Temple Crag, Backside of Beyond. Temple Crag has a hidden face. Last October, when the Celestial Arêtes retreated behind snow and ice and shadow, I recalled a sunnier side, and Jim Herrington and I went over Contact Pass to have a look. The south face is half a mile wide with less relief and simpler architecture, but we still wandered over slabs and past shimmering tarns for a couple of hours before the main features settled into focus and we chose a line. Near the right edge of the face, a crack/chimney line runs straight up to the left side of a small tower on the skyline. Beginning 40 feet to its right, we were soon in the system and two pitches up. Above, the crack bulged into an unappetizing chimney, so we again took to the wall on the right. Steep face climbing kept opening upward, cruxing just as it linked to a traverse left back to the chimney, now narrowed to offwidth. Increasingly blocky climbing led straight up two more pitches. By then it was dark and snowing lightly, but the angle broke and an easier pitch went by starlight and headlamp to an excellent summit (six pitches, 5.9+). We named the line for Allan Bard. “You know you are on the backside of beyond when you feel the crisp bite of winter air in your lungs and the sting of wind-driven snow on your face,” wrote Allan. Can this be the first new route on Temple Crag in 21 years?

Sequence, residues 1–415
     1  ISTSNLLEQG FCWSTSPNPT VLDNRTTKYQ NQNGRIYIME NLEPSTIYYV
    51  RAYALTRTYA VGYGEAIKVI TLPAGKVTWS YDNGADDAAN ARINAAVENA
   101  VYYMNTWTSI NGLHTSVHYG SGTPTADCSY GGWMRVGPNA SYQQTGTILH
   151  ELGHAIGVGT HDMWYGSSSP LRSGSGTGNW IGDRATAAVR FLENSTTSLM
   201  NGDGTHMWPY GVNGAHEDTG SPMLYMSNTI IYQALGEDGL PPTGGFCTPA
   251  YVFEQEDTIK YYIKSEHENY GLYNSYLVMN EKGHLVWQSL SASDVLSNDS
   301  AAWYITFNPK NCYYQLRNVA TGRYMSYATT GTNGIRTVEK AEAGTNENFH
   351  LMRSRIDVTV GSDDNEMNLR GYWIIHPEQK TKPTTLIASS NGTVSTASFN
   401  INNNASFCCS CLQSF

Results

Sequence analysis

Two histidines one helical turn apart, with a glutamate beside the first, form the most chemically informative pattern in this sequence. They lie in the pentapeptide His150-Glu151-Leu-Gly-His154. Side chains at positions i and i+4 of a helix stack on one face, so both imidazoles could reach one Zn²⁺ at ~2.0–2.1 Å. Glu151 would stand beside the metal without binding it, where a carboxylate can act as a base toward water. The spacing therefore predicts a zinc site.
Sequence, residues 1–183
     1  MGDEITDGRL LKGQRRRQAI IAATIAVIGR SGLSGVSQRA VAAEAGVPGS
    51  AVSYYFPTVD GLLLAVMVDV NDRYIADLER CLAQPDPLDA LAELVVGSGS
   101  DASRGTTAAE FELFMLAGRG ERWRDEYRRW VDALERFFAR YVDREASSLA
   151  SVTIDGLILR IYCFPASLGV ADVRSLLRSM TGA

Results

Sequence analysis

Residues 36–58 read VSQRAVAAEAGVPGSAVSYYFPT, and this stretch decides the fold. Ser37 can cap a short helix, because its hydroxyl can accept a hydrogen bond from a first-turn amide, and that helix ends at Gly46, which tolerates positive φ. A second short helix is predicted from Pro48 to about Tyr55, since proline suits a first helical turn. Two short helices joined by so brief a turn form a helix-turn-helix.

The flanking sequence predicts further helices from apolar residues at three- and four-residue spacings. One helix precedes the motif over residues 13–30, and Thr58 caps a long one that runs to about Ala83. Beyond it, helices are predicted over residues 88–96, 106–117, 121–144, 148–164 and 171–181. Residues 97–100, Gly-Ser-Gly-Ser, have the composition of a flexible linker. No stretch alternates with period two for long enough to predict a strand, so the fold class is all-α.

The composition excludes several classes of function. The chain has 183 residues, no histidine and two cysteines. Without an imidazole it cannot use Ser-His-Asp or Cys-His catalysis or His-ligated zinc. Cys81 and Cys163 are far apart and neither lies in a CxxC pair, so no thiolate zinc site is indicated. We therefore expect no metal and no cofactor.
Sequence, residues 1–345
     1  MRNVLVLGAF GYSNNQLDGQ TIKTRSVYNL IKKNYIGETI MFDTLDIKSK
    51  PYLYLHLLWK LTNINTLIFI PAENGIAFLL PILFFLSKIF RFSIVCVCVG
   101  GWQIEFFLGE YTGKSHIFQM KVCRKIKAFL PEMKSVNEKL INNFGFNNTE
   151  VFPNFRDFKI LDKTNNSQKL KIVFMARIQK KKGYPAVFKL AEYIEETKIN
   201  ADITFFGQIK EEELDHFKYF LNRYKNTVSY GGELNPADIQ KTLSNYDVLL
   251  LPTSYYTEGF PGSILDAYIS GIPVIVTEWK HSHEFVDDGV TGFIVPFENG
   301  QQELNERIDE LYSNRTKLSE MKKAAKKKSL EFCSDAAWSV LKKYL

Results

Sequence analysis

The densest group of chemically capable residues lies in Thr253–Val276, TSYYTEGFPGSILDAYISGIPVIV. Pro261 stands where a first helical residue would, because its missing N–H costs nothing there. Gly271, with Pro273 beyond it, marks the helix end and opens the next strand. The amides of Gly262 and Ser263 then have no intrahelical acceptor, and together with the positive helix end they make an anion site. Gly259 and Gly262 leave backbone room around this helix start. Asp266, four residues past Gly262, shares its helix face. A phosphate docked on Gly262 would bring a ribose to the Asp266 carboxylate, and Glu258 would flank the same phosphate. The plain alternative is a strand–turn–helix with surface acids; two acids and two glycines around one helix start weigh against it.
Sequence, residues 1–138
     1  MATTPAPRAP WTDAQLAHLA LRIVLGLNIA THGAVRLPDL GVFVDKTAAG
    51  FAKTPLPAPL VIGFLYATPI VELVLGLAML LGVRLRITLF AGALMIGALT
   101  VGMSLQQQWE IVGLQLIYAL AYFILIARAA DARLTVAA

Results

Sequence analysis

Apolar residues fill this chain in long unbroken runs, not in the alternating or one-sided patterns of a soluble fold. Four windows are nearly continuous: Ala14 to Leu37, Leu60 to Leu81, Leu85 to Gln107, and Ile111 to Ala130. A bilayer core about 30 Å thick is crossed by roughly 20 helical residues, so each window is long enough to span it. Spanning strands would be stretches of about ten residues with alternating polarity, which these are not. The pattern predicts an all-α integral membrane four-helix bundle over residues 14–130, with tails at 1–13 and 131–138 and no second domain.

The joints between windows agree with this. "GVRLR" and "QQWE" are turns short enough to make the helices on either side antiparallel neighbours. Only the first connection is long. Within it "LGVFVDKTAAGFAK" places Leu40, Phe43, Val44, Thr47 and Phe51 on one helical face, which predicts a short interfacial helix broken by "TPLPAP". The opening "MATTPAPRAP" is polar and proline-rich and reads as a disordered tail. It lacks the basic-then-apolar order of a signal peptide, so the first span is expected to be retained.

Doug Robinson, Moving Over Stone